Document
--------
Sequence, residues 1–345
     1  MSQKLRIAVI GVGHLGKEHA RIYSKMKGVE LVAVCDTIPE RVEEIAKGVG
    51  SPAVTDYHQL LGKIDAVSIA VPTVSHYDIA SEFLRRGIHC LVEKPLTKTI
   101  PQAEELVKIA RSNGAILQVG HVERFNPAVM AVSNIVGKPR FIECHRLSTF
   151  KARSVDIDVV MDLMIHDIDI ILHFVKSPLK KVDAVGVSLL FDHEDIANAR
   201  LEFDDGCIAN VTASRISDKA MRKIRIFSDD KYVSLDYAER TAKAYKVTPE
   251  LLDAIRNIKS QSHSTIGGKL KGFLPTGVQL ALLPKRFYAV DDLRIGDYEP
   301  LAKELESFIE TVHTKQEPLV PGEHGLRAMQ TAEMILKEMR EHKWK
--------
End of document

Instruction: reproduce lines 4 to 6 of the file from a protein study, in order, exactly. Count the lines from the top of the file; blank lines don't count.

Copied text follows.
   101  PQAEELVKIA RSNGAILQVG HVERFNPAVM AVSNIVGKPR FIECHRLSTF
   151  KARSVDIDVV MDLMIHDIDI ILHFVKSPLK KVDAVGVSLL FDHEDIANAR
   201  LEFDDGCIAN VTASRISDKA MRKIRIFSDD KYVSLDYAER TAKAYKVTPE